To be fair though, one can never expect to put speciality grade coffee in the same price bracket as instant coffee or Robusta beans. When we discuss the trend of morality, you will see why this can’t be and shouldn’t be the case. However, as Coffeenists we should encourage a different approach to drinking coffee than what has been the norm: encouraging quality over quantity. Maybe a little more like the average French person approaches his/her food.

Enjoying coffee like the French enjoy their food

The French approach to food is revealed by the fact that while the French are brilliant at making the most delicious food, you will not easily find an overweight French person. How is this possible? It is because in France eating is an experience of savouring every morsel, usually with family or friends, instead of absent-mindedly wolfing down your food in front of the TV. The general quality of French food is excellent, thanks to consumer choice and regulation. French people do not need large portions because every bite is filled with flavour. Additionally, time is taken to enjoy food, so they don’t outrun, or outeat, their bodies’ natural response of satisfaction. In France, food is a means to a meaningful experience to be shared, not merely an end in itself, which also leads to destructive eating habits. Coffeenists should see coffee like this. So even if you can only afford a single cup of coffee a day, or a week, savour it deeply (maybe with a friend) and it will bring you more pleasure than 6 cups of the nasty stuff.

Let’s stand together against bad coffee!

But how can Coffeenists encourage this trend? On the one hand, the coffee importers/roasters/baristas are responsible. But they can only do it with the consumer’s support.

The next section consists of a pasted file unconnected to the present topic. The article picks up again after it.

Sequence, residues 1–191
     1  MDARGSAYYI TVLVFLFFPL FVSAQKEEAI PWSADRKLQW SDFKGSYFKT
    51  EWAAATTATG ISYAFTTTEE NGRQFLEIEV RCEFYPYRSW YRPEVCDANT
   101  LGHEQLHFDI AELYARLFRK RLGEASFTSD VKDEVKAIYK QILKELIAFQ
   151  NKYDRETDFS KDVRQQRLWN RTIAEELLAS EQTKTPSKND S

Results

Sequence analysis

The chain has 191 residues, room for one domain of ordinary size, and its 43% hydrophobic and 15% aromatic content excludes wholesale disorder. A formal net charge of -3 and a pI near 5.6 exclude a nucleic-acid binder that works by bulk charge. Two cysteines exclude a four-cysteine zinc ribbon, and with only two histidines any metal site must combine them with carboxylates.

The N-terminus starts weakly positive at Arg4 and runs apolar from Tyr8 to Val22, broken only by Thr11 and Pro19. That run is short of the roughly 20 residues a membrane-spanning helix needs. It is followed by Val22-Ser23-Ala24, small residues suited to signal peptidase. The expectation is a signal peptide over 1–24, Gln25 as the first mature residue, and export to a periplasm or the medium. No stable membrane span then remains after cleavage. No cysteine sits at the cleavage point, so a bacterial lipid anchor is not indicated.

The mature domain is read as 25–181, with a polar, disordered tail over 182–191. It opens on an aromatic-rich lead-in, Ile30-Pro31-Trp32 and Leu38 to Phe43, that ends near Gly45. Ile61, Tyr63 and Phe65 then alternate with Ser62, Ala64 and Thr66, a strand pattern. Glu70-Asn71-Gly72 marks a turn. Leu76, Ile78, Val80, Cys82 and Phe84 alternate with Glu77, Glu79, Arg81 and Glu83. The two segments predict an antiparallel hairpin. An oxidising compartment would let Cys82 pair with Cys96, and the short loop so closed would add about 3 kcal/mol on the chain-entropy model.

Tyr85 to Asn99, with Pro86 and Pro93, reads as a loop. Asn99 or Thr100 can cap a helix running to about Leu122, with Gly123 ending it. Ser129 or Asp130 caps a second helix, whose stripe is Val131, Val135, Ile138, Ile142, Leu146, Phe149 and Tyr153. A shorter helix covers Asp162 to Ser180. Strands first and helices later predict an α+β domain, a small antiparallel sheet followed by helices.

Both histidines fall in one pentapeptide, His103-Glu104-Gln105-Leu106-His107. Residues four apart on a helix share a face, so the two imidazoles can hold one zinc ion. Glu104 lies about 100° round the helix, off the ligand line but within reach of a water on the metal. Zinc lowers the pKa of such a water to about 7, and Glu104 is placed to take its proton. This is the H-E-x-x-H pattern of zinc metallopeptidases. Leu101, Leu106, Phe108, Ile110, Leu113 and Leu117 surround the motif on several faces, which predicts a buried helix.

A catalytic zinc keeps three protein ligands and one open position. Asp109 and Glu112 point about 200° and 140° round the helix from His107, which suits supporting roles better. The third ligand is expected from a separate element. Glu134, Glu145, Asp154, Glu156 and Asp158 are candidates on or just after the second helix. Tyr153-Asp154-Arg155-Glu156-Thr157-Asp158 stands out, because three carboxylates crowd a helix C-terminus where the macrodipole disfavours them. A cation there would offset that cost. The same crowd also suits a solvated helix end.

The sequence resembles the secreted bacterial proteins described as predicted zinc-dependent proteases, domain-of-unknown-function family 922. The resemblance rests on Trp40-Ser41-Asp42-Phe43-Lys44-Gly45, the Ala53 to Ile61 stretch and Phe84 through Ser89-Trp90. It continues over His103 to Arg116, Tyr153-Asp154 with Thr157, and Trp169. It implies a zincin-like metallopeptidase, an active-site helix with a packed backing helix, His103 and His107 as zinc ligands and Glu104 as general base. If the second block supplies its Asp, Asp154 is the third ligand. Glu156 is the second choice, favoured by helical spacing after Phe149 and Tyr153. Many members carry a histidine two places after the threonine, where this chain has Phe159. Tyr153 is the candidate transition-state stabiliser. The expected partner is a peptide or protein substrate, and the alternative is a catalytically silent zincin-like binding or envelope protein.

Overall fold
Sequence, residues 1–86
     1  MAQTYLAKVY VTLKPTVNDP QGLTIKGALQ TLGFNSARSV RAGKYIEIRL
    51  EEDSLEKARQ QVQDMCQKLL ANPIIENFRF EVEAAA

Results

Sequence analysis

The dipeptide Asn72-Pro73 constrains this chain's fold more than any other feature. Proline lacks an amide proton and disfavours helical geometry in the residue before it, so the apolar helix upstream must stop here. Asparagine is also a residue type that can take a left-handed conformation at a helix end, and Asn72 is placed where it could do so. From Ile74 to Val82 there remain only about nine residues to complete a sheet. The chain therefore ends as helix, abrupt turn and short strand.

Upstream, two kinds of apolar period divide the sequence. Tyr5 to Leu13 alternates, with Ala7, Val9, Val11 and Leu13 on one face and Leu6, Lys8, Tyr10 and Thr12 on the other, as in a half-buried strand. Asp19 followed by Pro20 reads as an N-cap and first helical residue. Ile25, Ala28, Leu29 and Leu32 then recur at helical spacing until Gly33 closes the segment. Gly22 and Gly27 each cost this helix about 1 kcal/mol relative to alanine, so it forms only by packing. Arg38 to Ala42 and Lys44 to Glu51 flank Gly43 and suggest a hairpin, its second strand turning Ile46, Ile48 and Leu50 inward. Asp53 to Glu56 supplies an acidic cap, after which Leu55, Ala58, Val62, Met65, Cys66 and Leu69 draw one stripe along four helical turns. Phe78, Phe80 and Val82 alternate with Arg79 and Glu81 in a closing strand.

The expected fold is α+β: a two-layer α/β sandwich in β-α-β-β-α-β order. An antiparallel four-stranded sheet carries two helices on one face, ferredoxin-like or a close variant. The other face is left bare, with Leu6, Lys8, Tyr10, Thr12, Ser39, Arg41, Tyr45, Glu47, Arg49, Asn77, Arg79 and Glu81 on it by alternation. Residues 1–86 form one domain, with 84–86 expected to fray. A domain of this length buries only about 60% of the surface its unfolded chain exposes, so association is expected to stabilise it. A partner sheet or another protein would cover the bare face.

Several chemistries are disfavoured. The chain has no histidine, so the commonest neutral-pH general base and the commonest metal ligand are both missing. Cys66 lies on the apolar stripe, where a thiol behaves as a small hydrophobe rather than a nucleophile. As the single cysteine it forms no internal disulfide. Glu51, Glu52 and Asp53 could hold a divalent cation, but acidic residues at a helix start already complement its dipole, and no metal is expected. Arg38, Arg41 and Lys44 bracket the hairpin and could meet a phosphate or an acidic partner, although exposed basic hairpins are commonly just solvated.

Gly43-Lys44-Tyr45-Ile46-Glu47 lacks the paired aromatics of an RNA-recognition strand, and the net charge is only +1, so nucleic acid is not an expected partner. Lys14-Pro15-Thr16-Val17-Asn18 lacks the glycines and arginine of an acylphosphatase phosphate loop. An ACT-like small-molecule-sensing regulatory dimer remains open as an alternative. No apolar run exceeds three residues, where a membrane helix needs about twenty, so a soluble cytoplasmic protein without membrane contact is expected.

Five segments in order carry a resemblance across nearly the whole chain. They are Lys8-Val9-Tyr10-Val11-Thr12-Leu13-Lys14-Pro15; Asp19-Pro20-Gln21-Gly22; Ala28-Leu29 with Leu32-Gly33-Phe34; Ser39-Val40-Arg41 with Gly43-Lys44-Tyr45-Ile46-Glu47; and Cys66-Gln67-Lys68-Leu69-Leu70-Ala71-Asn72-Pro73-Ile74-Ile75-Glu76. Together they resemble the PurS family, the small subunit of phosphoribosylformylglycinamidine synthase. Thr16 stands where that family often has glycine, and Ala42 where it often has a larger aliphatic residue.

Regrettably, many businesses are focussed only on profit without much concern for other factors. So we as the consumers need to help drive this trend by voting with our feet.

But how can we make sure we are only buying good coffee? My first suggestion is to look for coffee which has a speciality coffee grading, which is one of the best ways to assure consistent high quality. Secondly, demand transparent coffee sourcing practices so you can be sure the coffee is morally produced. As mentioned, morality and transparency are trends we will be discussing in weeks to come, but the four trends of Coffeenism hang so closely together that improving one usually improves the others. So, for example, morally produced coffee also tends to be of higher quality than coffee produced to the detriment of labourers and the environment.

Let’s demand this for the good of every coffee drinker (and coffee farmers too).

Coffeenism = Coffee democracy

Speaking of voting, that points us to the next article which is on the trend of democracy. You see, Coffeenism is not coffee communism, it is closer to coffee democracy (but coffeemocracy just isn’t as catchy)! This is because democratising good coffee is the only way it will become the norm. Check back next week to see what I mean. In the meantime, you can browse our shop for coffee which makes the Coffeenist’s quality cut.

Did you know? All Pause Coffee is rated as speciality coffee, i.e. it is of a consistently high quality. Read more about speciality coffee here